Gentle introduction to TypeLevel stack (lots of Cats) via Web Development
People always talked about beautiful apps, be it web or mobile. Create a crazy number of frameworks to make your frontend work as fast as possible. But they mostly forget about the backend part, called the server-side application.
TypeLevel stack provides wonderful sets of purely functional libraries to write backend code. A backend can be a simple monolith server or micro-service styled multi-server application. TypeLevel stack allows you to write your server code with less error and more confidence. TypeLevel stack has libraries for almost everything from doing Http to database access.
In this talk, I will tell you why anyone should TypeLevel stack to build a backend application. I will also share little bit controversial opinionated way to arrange things. It will also showcase how composability of functional programming helps to write the scalable application.
Outline/Structure of the Tutorial
- Introduction to Cats and TypeLevel ecosystem
- How to get started with http4s, doobie, tsec like libraries
- How I like to arrange code and compose application for better scalability
- Also, try to give answer why TypeLevel stack and what are benefits of having it compare to other options.
I did faced quite a good amount of issues when I wanted to create simple Scala REST api application. There are too many options and I did get lost couple of times. This talk hopefully helps attendee to get started with Type Level stack, and get going more smoothly for their future functional web application.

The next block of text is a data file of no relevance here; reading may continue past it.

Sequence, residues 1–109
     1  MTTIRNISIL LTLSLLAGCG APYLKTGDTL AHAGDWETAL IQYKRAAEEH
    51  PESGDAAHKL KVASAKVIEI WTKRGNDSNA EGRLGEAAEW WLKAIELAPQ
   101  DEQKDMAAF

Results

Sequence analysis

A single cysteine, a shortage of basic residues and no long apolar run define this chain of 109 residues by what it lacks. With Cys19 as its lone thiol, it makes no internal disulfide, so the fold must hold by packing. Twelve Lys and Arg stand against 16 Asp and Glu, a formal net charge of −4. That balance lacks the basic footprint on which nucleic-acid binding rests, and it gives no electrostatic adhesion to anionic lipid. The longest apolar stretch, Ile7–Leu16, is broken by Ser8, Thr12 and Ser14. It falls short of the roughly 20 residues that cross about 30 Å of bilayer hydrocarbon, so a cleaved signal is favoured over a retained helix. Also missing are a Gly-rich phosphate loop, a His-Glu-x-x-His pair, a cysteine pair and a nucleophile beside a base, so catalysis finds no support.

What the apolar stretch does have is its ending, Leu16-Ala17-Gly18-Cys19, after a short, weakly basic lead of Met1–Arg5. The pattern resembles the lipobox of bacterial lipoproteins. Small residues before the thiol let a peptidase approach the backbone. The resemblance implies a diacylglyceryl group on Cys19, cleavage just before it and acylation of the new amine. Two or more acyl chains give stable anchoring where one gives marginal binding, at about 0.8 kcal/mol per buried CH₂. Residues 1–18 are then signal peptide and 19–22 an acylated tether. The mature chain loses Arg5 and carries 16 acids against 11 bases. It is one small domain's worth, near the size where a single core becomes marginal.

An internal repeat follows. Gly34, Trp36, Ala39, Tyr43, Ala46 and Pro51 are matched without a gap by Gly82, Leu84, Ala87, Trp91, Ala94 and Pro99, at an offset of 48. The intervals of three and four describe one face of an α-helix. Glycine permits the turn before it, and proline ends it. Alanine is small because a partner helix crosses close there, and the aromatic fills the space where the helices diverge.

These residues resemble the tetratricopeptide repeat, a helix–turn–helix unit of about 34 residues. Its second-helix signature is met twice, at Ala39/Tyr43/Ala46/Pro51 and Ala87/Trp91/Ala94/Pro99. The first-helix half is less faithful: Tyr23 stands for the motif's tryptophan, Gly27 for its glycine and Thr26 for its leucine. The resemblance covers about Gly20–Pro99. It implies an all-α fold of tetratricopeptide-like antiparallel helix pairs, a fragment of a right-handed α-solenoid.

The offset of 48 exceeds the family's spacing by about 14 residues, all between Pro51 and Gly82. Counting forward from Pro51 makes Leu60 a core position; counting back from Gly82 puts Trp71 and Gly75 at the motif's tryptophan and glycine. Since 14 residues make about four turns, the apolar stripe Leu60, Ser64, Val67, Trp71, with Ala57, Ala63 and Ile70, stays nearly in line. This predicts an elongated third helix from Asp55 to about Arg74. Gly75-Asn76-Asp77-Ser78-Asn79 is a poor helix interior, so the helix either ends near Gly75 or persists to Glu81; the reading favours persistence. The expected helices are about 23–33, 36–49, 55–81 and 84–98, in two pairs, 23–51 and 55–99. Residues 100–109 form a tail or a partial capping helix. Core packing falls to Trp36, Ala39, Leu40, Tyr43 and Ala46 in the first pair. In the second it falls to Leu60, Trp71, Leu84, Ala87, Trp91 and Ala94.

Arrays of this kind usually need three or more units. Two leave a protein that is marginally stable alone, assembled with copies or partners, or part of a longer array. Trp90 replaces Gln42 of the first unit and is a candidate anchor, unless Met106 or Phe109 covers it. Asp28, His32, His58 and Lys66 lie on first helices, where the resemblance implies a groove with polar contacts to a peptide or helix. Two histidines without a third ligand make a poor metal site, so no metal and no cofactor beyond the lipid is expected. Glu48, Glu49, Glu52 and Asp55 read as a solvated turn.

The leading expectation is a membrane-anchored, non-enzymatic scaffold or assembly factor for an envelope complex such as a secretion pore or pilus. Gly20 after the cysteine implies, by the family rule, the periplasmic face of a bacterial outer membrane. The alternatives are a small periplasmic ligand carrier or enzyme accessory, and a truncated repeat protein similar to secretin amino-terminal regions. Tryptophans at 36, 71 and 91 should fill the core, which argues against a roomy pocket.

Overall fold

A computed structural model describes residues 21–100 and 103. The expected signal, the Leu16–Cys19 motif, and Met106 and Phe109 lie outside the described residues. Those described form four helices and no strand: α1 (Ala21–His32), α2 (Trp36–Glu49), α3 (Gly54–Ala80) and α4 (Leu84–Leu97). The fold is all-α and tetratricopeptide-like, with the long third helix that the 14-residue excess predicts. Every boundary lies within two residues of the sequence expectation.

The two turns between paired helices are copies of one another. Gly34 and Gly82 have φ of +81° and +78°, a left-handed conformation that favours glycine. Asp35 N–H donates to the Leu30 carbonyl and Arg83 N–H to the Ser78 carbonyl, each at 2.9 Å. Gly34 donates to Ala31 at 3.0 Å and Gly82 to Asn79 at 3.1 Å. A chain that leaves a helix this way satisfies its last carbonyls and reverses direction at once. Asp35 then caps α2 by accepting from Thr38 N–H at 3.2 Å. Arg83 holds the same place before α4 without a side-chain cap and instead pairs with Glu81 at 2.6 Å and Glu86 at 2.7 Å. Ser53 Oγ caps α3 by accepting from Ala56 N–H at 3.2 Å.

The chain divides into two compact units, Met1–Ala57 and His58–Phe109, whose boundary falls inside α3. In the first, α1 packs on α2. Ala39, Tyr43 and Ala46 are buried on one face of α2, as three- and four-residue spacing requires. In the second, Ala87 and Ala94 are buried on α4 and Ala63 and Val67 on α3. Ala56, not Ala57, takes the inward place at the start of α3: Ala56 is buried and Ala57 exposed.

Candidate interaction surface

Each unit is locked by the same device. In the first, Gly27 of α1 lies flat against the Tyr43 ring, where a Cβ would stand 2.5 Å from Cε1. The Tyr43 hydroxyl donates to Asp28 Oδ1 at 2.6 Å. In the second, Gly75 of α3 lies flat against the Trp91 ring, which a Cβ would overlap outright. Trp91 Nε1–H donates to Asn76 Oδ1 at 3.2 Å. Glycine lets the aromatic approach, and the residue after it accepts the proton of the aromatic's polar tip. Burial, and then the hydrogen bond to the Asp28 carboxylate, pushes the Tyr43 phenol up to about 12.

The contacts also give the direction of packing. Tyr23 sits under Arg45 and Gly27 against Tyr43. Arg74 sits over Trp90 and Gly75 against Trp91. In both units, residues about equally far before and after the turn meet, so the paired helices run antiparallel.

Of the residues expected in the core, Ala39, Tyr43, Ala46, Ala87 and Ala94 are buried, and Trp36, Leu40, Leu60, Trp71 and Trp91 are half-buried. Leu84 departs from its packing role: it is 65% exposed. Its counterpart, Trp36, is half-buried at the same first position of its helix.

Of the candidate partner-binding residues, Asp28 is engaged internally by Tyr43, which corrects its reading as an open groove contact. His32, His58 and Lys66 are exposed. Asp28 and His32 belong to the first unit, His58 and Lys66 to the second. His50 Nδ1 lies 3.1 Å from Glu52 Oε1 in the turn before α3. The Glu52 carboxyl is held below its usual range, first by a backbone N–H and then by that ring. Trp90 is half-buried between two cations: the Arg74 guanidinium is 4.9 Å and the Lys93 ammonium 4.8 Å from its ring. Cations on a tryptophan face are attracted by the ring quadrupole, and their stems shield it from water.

People who are getting into functional programming or like to create web application using purely functional JVM system.
Prerequisites for Attendees
- Knowledge of Web Programming
- Basic knowledge of Scala
- Interest in purely functional web development
schedule Submitted 1 month ago
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This is an experience talk from my work with NRK, the
Norwegian Broadcasting Company, Norway's public broadcaster.
Over the last 3-4 years we've taken the TV and radio streaming sites from a monolith to multiple
domain based services. We'll look at how we've transitioned the from a pure object oriented development team to a function friendly organzation, how gorwing the organization forced us to work with Conways law, as well as a deep dive into the bounded context of personalization.
Keeping track of user progress and favorite shows is the responsibility of Personalization domain, with high performance requirements and surprisingly
complex business rules. With new business rules and changing architecture, Personalization was in dire need of work. Combining FSharp and its typesystem and immutability with Orleans, an open source Virtual Actor platform for distributed high-scale computing applications, provided us with functional programming with OO principles in a fast and scalable platform. I'll show why we chose this path, the benefits we gained going from C# to F# and some of the lessons learned building on an actor model.